The Fed Needs to Start Playing a Smarter Political Game
(Bloomberg Opinion) -- There is a direct line between the U.S. Federal Reserve’s December interest-rate increase and last week’s announcement that Stephen Moore is set to be nominated to an open seat on the central bank’s Board of Governors. The Fed needs to start playing a smarter political game sooner rather than later. The risk to its independence has probably never been higher.
The speed at which the Fed has reversed direction from December suggests policy makers realize a mistake was made three months ago. They could have taken a cue from financial markets and the persistently low inflation environment to take a pass at that meeting. The next meeting was just six weeks away and was “live” in the sense that a press conference was already scheduled.
Instead, it appears the desire to push policy rates into what they believed to be neutral territory clouded their collective judgement. Were other factors at play? Did the central bank hold its ground on a rate hike at least in part to push back against President Donald Trump’s repeated attacks on Fed Chairman Jerome Powell? The Fed denies that political considerations enter into their decision-making process. Its position is that the Fed makes policy independent of politics.
The Fed might need to start rethinking its notion of independence and how it relates to politics. Trump’s appointments to the Fed — Powell, Randal Quarles, Richard Clarida and Michelle Bowman — have all been qualified candidates for the job. The same is true for those candidates — Marvin Goodfriend and Nellie Liang — who have been less successful at navigating the Senate confirmation process. None of these candidates could be said to be outside of the mainstream.
That all changed when Trump announced he intended to nominate Moore to the Board of Governors. The commentariat was less than impressed. Up until last week, the idea that someone like Moore could be offered a top spot at the Fed was unthinkable. The Fed has been viewed as an entity that would be immune to the fate of other departments where political considerations trumped qualifications when it came to appointments. That is no longer the case. We must now view the Fed as a target for political change just as other positions that require presidential nominations.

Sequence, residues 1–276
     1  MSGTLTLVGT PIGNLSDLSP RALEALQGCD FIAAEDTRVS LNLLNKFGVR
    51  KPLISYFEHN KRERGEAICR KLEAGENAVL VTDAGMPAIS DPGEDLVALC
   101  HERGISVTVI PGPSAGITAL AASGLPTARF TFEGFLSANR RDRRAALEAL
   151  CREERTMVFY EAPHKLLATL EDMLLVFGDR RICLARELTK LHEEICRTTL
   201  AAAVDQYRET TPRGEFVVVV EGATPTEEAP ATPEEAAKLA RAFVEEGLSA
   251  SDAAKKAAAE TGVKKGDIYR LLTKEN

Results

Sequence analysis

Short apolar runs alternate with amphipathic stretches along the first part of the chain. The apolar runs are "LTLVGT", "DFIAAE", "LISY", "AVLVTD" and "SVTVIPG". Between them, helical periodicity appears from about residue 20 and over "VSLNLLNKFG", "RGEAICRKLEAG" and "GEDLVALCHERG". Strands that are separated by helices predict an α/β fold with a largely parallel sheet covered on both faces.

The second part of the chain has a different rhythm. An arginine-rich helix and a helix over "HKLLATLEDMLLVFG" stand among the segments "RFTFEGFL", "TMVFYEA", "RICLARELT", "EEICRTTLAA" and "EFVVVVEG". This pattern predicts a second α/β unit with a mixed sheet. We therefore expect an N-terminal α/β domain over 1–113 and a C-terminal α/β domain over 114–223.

How did we get here? It’s not exactly rocket science. Trump realized that if he wanted the type of monetary policy he desired, he needed to pick people that would produce that policy. Maybe he thought Powell was such a person. If so, he was wrong.
Even if he doesn’t make it through vetting and the Senate, the attempt to elevate Moore to the Fed is a significant development. It underlines something about the Fed’s independence that has been forgotten, which is that it’s more fragile than often believed. Fed independence requires the adherence of all parties to the convention of independence and the ability of the Fed to meet its mandate effectively.
Trump already tossed aside conventions with his tirades against rate increased, while the Fed’s ill-fated December hike calls into question its ability to meet its mandates. Powell admitted last week that the Fed has not met its symmetric inflation target in any meaningful way. Moreover, the recent yield curve inversion raises the risk that a recession is on the horizon. The Fed politically can’t afford having tightened into a recession absent an actual inflationary threat. The result of such an outcome will be a future filled with additional Moores.
The cost of the December rate hike now looks fairly high, economically and politically. This new dynamic puts the Fed in an uncomfortable position. Powell would have been better served by losing the battle but winning the war by appearing to give Trump the win and passing on the rate boost. Trump may have been appeased and felt like the appointment process was working just fine. Instead, the Fed is backtracking and Trump has dramatically lowered the bar on acceptable appointees to the Fed. It’s time for the Fed to start playing a different game.
This column does not necessarily reflect the opinion of the editorial board or Bloomberg LP and its owners.
Tim Duy is a professor of practice and senior director of the Oregon Economic Forum at the University of Oregon and the author of Tim Duy's Fed Watch.
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